Dean Wright is Global Editor, Ethics, Innovation and News Standards. Any opinions are his own.The first entry is abattoir (not abbatoir); the last is ZULU (a term used by Western military forces to mean GMT).In between are 2,211 additional entries in the A-to-Z general style guide, part of the Reuters Handbook of Journalism, which we are now making available online. Also included in the handbook are sections on standards and values; a guide to operations; a sports style guide and a section of specialised guidance on such issues as personal investments by journalists, dealing with threats and complaints and reporting information found on the internet.The handbook is the guidance Reuters journalists live by — and we’re proud of it. Until now, it hasn’t been freely available to the public. In the early 1990s, a printed handbook was published and in 2006 the Reuters Foundation published a relatively short PDF online that gave some basic guidance to reporters. But it’s only now that we’re putting the full handbook online.We’ve decided to make the handbook available to everyone for a number of reasons. Among them:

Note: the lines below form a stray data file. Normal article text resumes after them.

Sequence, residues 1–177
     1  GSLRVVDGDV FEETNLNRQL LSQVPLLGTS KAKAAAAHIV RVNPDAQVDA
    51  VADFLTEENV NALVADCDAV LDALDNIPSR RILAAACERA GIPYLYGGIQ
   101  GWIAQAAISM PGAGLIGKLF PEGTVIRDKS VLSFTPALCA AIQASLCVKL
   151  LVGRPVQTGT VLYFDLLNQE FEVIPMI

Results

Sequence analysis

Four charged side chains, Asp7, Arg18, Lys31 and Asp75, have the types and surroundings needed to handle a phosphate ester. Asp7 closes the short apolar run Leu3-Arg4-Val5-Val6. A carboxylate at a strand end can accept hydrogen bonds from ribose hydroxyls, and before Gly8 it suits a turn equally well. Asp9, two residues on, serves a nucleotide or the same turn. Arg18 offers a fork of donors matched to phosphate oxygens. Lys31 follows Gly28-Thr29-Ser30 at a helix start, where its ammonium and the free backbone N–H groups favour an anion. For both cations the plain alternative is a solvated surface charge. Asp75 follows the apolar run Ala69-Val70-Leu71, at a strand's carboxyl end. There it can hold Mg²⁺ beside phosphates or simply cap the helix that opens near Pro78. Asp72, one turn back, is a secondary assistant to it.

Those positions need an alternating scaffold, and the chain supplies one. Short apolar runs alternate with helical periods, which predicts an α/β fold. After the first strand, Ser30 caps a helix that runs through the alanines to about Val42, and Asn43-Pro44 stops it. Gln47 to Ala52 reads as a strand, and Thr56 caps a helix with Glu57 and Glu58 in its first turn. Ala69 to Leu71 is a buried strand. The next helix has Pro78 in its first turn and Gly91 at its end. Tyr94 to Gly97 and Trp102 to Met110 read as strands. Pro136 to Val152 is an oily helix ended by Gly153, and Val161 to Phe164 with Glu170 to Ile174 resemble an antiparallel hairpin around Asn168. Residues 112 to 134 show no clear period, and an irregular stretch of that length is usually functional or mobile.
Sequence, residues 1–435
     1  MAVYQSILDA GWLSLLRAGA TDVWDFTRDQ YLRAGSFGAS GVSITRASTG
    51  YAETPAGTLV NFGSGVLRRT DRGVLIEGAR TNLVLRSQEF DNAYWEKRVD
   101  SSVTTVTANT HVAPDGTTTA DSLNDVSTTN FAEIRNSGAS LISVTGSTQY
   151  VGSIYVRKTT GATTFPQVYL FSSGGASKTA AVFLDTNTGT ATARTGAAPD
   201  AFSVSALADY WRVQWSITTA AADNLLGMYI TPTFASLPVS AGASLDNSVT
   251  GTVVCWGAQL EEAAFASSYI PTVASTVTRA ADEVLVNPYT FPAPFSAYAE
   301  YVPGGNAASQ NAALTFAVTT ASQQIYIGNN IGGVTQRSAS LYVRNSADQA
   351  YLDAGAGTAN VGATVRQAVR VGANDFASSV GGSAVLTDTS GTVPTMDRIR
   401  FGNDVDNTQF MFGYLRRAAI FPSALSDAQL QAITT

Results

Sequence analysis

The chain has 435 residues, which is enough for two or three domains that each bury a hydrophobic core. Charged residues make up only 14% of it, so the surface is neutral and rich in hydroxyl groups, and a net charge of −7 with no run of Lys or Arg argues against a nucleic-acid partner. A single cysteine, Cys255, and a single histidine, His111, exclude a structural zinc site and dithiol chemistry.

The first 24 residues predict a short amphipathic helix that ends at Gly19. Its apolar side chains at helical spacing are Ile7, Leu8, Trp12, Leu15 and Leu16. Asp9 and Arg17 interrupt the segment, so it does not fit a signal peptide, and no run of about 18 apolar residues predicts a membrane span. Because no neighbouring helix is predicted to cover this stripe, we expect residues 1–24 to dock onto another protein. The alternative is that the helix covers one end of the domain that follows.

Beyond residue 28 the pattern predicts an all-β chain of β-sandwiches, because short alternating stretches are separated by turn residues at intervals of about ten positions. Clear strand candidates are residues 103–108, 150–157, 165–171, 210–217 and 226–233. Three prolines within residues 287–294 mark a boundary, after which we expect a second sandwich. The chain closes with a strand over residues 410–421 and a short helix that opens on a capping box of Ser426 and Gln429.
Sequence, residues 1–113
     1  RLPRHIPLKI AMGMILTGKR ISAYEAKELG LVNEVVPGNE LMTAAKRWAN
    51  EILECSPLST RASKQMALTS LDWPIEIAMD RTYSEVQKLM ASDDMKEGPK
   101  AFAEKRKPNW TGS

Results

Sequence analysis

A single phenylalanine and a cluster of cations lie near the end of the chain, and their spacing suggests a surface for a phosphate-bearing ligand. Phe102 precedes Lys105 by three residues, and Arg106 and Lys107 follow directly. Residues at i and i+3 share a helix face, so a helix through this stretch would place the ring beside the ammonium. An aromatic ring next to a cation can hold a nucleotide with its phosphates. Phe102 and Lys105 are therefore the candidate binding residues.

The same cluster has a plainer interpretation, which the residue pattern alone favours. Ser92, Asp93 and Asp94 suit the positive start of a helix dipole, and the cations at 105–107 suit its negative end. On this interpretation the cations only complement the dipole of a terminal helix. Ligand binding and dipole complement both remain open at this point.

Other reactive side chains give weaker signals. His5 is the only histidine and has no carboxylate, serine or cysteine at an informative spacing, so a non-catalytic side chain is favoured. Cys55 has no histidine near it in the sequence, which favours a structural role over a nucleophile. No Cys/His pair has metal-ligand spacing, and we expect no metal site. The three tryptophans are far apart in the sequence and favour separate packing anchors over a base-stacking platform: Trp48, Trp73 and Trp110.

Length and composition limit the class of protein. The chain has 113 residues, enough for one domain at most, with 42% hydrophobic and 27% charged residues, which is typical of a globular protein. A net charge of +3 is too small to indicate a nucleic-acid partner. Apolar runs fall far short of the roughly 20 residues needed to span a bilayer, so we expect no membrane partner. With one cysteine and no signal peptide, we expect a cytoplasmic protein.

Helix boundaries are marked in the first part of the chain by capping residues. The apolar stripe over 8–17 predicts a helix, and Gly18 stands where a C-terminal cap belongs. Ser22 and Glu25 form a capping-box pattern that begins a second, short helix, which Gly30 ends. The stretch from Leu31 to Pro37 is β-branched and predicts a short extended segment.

Transparency: At a time when trust is an endangered commodity in the financial and media worlds, it’s important that news consumers see the guidelines our journalists follow.
Service: As we’ve seen over the past decade, the barriers to publishing have dropped so that anyone with an idea and a computer can be a publisher. But it’s also become clear that publishers have a varying standard of truth, fairness and style. Our handbook is a good place for budding journalists to begin.